100 years after Scott

This week marks the 100 year anniversary of Scott’s ill-fated expedition to the South Pole. I would imagine that you all know who Scott was and what happened on his final attempt to reach the South Pole before Amundsen, if you need a quick refresher then take a look at the excellent article on the BGS website.

Image courtesy of The Scott Polar Research Institute – Image Ref – P2005/5/1704

To mark this anniversary i thought i would compile a list of Antarctic related geospatial resources.  Any excuse to delve back into polar science.


  • Sharegeo – there are a couple of datasets of interest on Sharegeo such as the 2012 inventory of glaciers and a Global Permafrost map.
  • World Glacier Monitoring Service (WGMS) – compiles the annual inventory of glacier mass balance and maintains a number of other ice related datasets. Not specifically Antarctica focused, but a good global resource.
  • RAMP – Radarsat Antarctic Mapping Project (RAMP) created a high-resolution DEM of Antarctica.  DEMs are available with a 1km, 400m or 200m cell posting and are provided as ARC/INFO and binary grids. The 1Km and 400m grids are also available in ASCII format. RAMP DEM was created and is hosted by the National Snow and Ice Data Center (NSIDC).
  • GLIMS – The GLIMS glacier database is a searchable database of glacier information. GLIMS makes it easier to find out the physical attributes of glaciers around the world.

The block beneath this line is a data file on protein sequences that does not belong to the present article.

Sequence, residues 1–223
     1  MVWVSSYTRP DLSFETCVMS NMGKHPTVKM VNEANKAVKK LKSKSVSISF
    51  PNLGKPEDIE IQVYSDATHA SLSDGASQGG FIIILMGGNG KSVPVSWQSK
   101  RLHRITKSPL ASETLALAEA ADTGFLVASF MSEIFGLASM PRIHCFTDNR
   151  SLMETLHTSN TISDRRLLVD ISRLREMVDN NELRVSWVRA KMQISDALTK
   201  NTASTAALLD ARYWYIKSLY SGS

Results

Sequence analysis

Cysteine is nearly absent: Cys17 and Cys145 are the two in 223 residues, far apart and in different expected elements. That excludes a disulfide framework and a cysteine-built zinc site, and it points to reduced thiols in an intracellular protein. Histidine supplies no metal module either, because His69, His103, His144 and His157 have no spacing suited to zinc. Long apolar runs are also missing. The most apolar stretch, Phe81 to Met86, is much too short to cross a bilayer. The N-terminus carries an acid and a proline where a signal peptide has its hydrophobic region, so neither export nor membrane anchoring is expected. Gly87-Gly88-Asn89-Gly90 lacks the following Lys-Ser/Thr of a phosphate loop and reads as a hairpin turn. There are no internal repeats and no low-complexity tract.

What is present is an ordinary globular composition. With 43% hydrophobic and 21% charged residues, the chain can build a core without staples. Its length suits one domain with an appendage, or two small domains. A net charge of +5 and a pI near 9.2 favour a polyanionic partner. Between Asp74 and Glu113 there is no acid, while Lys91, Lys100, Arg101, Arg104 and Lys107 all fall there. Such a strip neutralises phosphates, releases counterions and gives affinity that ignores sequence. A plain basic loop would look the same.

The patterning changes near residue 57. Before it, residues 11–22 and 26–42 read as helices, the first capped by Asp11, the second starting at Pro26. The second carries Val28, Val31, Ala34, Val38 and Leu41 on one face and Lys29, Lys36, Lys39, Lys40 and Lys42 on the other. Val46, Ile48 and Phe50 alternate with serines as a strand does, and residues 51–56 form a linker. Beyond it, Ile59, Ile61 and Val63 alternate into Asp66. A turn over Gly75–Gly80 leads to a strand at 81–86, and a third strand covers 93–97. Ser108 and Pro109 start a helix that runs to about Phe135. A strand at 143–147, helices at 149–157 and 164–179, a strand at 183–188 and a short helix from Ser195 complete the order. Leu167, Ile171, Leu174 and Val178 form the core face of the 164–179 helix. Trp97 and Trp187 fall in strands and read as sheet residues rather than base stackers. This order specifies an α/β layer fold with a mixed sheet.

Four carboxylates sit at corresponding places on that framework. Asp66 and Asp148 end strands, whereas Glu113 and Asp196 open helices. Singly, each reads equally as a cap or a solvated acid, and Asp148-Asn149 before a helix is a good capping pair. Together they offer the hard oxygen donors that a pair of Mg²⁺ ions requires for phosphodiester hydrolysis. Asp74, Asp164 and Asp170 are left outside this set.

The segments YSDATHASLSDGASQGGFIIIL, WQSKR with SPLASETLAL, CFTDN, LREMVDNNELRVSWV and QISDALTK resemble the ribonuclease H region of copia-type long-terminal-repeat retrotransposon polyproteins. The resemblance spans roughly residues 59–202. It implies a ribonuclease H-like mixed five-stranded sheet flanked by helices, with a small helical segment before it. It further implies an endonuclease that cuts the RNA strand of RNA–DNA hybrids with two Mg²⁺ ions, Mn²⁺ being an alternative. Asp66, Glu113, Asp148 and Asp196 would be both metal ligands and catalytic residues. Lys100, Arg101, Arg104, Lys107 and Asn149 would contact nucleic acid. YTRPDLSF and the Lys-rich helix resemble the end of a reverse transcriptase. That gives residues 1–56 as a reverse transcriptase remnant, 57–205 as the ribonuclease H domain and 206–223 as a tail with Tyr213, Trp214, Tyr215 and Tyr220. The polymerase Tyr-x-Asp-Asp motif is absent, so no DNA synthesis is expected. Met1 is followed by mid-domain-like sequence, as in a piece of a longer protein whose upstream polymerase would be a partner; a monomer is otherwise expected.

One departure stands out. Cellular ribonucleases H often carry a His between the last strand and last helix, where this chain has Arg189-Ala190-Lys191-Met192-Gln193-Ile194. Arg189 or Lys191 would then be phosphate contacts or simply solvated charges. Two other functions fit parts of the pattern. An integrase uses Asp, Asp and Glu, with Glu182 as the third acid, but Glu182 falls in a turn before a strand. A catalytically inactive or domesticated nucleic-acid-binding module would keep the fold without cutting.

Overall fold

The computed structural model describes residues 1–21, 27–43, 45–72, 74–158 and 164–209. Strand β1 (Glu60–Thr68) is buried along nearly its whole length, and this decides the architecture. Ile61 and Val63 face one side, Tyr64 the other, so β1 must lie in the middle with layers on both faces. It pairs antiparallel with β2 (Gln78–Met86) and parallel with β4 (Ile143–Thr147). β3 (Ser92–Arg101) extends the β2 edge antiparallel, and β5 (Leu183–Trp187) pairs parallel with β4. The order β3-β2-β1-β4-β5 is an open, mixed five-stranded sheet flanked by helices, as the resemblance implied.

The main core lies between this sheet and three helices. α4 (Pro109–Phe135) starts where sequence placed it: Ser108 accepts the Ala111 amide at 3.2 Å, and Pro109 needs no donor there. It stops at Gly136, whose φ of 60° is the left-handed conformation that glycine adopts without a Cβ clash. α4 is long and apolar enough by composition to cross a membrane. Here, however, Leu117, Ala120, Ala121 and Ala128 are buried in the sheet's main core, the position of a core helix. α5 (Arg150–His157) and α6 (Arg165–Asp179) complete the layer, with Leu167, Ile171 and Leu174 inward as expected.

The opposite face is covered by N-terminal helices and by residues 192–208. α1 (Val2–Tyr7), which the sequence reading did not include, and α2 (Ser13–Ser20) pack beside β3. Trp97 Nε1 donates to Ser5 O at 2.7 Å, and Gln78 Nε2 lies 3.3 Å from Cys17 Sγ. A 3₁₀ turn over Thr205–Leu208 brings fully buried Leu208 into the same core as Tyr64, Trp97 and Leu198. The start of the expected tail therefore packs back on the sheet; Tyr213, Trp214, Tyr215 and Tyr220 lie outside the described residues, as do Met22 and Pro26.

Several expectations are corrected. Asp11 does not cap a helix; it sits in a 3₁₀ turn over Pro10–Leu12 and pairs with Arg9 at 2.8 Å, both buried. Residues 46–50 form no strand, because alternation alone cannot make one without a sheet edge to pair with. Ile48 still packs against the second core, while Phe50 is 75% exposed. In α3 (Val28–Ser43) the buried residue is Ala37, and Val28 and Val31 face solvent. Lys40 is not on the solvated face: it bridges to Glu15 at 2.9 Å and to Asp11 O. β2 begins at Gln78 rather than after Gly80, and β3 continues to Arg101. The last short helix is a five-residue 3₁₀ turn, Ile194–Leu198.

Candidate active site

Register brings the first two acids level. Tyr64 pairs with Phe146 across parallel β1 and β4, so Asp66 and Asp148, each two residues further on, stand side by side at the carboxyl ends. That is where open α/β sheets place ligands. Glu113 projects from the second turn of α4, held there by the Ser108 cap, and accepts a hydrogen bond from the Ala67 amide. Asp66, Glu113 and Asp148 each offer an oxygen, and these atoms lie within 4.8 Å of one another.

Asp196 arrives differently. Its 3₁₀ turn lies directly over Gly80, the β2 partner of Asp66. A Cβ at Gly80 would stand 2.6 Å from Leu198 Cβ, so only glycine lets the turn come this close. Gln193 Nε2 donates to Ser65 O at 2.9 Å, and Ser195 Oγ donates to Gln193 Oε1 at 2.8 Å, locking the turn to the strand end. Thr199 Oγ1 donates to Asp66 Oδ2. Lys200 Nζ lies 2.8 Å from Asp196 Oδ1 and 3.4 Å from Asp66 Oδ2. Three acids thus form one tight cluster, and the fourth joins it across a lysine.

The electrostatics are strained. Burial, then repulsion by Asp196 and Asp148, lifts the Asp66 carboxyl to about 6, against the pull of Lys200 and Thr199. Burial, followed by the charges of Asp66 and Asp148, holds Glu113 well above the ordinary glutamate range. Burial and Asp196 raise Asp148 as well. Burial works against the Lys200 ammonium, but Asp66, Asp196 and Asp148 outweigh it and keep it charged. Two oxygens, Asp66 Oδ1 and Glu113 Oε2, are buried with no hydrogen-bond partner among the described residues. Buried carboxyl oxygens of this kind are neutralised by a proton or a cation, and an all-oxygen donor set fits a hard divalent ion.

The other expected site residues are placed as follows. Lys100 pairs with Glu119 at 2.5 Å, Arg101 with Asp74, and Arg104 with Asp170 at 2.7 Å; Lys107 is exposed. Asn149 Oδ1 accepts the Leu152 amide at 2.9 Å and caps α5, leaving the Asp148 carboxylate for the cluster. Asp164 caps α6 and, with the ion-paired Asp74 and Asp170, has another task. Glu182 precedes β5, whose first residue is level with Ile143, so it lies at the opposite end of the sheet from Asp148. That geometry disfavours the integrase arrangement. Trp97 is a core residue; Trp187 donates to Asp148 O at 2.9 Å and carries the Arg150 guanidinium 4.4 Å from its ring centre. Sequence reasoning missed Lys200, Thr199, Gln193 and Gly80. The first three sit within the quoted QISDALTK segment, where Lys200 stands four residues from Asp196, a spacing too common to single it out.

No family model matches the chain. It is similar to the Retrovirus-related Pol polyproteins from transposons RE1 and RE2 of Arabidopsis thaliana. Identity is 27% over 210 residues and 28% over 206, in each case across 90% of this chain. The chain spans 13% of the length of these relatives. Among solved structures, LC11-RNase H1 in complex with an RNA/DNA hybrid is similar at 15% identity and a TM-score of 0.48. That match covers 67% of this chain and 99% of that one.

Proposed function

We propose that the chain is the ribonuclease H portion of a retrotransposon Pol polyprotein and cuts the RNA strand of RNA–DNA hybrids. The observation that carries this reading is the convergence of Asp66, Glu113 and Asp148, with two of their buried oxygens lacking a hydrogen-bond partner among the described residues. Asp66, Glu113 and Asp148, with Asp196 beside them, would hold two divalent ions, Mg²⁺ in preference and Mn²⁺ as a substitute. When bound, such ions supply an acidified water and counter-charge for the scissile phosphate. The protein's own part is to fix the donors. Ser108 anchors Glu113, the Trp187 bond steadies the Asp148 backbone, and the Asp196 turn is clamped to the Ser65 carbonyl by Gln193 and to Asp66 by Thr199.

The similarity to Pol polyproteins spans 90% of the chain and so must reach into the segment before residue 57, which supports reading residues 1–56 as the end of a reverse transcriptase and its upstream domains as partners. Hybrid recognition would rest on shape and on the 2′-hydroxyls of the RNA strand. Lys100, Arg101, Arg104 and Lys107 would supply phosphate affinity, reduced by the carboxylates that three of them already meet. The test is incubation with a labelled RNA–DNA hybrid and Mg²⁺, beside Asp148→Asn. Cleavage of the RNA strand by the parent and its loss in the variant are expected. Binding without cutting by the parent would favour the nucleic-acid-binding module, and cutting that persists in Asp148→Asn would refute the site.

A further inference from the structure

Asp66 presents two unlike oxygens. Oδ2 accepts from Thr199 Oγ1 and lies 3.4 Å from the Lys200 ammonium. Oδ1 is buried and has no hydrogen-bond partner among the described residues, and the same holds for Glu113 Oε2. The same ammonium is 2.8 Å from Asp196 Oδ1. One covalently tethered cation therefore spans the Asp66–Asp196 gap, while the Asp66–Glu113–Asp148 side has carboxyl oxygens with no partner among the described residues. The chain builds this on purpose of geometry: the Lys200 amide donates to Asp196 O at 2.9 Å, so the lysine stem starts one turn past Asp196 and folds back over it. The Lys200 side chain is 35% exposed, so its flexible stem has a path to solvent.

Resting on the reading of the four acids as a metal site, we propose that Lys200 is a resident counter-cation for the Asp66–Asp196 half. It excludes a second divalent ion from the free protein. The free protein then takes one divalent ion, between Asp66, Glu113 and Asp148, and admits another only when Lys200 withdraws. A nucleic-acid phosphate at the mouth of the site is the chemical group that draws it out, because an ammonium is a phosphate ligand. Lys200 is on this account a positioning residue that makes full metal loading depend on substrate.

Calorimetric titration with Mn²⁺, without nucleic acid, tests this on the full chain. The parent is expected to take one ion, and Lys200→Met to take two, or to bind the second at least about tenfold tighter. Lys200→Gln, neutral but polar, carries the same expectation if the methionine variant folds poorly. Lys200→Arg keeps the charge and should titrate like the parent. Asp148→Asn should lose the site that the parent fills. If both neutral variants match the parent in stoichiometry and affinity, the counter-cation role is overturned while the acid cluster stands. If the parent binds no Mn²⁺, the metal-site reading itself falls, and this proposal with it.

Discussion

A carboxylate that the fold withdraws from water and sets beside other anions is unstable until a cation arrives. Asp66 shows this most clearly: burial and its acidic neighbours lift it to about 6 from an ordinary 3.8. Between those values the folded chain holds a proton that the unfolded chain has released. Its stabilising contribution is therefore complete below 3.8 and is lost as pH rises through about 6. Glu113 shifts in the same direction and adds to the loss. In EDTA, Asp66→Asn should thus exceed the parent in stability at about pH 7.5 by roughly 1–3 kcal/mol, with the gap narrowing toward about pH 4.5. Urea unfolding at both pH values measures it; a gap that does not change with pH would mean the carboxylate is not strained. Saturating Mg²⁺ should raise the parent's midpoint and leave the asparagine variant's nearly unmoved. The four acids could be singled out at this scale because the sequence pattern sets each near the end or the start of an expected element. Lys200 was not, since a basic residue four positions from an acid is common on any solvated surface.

• Community Ice Sheet Model – This project, run by the University of Montana, pulls together data that could be used to model the Antarctic ice sheet. It also supply’s code that allows you to run scenario models on the present ice sheet. Data is generally in grid (NetCDF) format.
  • NOAA – NOAA Paleoclimatology gateway provides access to ice core data for Antarctica.  Ice cores are available for a range of locations across the continent and there are some pre-processed comparissons of the asynchorny of Antarctica and Greenland.
  • ESF Research – ESF provides access to data such as global surface seawater dimethylsulfide, biological data (bacterial biomass, bacterial productivity, and UV irradiance data.

Data/Metadata Discovery Portals:

  • National Snow and Ice Data Center – NSIDC is a huge resource and i could spend hours sifting through data.  There is little point trying to list everything NSIDC hold, or make available but highlights include RAMP (see above), searchable database of glacier photos, MODIS imagery and the GLIMS glacier database.
  • Australian Antarctic Data Centre: a massive resource that contains satellite images, maps, ecology, biology and marine data.  Licence restrictions vary depending on the data type and source. In terms of getting your hands on the data itself, the best section to head to is the Data Navigator.  You need to register an account but this is free and takes 2 minutes.